Interested in learning Chinese? Curious what it’s like? A few months ago I decided to start learning Chinese. No practical reason other than just genuine curiosity and to see if I could do it.

How Did I Arrive At This Decision?

I’ve always wanted to learn a second language and I’ve always felt slightly inferior to bilingual peoples. I don’t know why. It just always seemed a very cool and useful skill to have. After all, Chinese is the most widely spoken language in the world. More people speak Chinese than English. So if I’m going to play with learning a new language, why not shoot for the most useful?

It Begins.

I started by running a search for “learn mandarin” in the Google Play store. Several apps showed up, but I landed on one called HelloChinese. Overall, I’ve had a great experience with the app. It has a very user-friendly interface and I immediately felt right at home with it.

Lesson 1

I went in knowing that Chinese is a symbol-based language (there is no alphabet), but it didn’t fully realize what that felt like until I actually dove into my first lesson. There is no alphabet. My first lesson was an English explanation of what Pinyin is.

Pinyin actually answered one of my biggest questions about the language. If there are over 8,000 Chinese characters in the language, how on earth do you type? The thought of a single keyboard with 8,492 buttons on it seemed ridiculous.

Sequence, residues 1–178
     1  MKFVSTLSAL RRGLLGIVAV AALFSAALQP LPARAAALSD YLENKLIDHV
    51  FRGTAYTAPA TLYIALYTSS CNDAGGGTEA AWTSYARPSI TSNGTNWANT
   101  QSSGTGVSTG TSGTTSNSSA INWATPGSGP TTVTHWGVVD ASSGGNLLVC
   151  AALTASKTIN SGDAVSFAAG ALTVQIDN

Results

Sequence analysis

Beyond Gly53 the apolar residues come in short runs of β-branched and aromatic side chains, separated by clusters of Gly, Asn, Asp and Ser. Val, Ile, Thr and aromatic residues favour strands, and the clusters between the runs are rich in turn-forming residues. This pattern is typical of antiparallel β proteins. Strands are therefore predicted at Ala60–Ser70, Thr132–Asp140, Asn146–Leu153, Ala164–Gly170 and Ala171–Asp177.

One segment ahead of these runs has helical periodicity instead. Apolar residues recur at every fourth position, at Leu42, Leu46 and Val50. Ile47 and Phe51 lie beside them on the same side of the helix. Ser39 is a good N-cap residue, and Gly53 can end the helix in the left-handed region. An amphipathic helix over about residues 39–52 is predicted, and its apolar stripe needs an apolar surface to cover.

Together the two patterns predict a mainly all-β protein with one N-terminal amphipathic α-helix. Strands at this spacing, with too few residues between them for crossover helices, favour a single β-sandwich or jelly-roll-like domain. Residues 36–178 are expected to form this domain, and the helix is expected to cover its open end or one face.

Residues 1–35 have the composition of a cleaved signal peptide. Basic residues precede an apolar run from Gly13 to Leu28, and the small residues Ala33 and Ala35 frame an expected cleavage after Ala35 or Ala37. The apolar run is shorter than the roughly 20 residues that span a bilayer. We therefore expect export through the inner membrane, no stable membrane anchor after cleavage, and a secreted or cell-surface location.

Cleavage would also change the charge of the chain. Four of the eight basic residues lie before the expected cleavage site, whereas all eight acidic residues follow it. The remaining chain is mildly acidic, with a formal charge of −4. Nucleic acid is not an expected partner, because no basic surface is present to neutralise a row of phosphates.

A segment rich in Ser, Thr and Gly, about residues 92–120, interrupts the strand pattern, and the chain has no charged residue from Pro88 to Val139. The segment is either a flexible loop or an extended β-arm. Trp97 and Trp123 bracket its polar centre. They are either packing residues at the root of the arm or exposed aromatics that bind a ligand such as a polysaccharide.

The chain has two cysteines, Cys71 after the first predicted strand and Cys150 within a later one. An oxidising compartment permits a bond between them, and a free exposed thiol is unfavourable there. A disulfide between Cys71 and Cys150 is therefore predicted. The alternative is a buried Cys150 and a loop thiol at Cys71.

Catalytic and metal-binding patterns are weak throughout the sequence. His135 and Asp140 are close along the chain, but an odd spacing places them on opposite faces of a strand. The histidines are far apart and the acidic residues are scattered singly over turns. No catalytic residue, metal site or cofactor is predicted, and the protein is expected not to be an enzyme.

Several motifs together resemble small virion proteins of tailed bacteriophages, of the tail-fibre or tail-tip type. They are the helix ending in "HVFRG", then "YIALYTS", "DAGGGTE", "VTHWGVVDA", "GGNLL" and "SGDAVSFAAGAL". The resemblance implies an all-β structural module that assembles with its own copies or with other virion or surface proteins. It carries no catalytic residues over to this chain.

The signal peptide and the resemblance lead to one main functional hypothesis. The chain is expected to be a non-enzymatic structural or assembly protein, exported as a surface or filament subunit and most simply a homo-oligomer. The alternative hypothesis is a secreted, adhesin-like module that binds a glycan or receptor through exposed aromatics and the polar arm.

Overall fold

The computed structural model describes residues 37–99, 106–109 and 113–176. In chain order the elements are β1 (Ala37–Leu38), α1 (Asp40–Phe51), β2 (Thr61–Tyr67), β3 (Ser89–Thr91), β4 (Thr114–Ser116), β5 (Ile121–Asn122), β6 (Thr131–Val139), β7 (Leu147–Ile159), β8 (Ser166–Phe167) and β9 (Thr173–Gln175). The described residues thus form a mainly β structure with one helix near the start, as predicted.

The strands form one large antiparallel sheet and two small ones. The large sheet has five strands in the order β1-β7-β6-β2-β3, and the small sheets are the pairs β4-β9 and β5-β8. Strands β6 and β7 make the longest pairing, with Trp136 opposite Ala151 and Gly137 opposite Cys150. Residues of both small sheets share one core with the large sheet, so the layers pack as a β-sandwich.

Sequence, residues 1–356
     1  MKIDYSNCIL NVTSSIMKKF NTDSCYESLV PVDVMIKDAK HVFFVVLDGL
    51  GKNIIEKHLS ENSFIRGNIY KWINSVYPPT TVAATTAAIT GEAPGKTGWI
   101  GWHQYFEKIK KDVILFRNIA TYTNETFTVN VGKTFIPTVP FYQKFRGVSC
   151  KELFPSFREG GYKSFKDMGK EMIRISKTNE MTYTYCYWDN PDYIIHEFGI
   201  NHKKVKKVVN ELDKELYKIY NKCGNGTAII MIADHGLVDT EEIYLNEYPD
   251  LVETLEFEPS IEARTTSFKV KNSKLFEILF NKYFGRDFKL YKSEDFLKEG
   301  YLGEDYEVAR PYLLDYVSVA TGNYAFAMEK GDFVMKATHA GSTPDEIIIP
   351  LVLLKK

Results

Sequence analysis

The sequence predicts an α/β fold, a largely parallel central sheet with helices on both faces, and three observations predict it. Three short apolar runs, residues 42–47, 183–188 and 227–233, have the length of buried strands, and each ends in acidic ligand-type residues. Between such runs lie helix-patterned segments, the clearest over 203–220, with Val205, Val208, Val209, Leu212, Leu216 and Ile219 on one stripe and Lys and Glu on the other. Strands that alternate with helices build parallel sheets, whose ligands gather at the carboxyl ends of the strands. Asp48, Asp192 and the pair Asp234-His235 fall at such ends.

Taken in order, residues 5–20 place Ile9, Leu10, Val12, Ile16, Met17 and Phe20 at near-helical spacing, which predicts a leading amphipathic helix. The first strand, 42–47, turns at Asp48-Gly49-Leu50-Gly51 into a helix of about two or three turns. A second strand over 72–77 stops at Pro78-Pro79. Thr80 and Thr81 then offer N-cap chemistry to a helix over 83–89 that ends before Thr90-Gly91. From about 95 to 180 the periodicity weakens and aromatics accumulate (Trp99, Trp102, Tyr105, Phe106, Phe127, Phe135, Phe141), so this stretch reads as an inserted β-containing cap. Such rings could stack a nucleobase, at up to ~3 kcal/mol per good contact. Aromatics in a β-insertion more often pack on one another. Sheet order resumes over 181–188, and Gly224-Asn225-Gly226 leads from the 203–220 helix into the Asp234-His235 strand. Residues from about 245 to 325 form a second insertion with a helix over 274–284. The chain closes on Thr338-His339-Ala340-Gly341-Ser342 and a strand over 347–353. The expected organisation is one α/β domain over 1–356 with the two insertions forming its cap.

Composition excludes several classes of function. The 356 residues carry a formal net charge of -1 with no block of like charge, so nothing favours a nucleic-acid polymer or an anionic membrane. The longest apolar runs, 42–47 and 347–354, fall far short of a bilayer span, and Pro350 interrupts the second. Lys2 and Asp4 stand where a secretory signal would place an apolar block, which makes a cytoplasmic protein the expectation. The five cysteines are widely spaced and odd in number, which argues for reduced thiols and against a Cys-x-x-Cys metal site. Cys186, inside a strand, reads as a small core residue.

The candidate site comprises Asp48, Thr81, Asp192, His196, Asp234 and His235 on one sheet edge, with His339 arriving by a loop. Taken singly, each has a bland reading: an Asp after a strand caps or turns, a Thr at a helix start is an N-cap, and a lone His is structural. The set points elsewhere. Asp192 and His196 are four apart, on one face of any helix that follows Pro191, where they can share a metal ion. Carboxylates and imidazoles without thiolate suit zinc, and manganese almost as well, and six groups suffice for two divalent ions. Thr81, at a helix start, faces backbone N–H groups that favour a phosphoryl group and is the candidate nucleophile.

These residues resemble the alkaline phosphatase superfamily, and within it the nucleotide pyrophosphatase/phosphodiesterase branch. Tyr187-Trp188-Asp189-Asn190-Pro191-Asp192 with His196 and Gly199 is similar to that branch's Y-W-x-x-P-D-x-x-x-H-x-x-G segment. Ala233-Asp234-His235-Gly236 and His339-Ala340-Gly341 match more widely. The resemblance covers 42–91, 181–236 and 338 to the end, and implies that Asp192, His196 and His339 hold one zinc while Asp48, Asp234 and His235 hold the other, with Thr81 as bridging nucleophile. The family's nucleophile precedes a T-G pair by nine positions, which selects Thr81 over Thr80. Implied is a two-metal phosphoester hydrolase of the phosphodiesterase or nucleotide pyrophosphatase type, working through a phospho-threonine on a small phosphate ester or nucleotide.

This may be an oversimplification, but Pinyin is essentially the Romanized pronunciation of Chinese so you can type the character you want. On a desktop or laptop computer, you’d simply run a small program in the background that tries to auto-fill your Pinyin with the proper Chinese character.

For example, “Hello” is pronounced nĭ hăo. And when you type nĭ hăo, there’s a program that runs in the background that matches the Chinese character to the Latin letters you typed. Confused yet? Don’t worry, me too. Chinese is almost two languages rolled into one.

Here I’m using an input method called Fcitx available for Linux OS
On Android, you get Pinyin built into your keyboard after adding Chinese as a language option!

Why Only 6 Months?

In addition to other life events taking priority over a purely fun experiment, I simply don’t have any close contacts with whom I can practice speaking. Was it a total loss? Absolutely not. In fact, my interest in the language has grown even more! And at the very least, I can definitely tell the difference between Chinese characters and Japanese characters. Previously, I kinda had an idea, but would still run the risk of guessing or assuming incorrectly. Now I just need some Chinese speaking friends to stay sharp!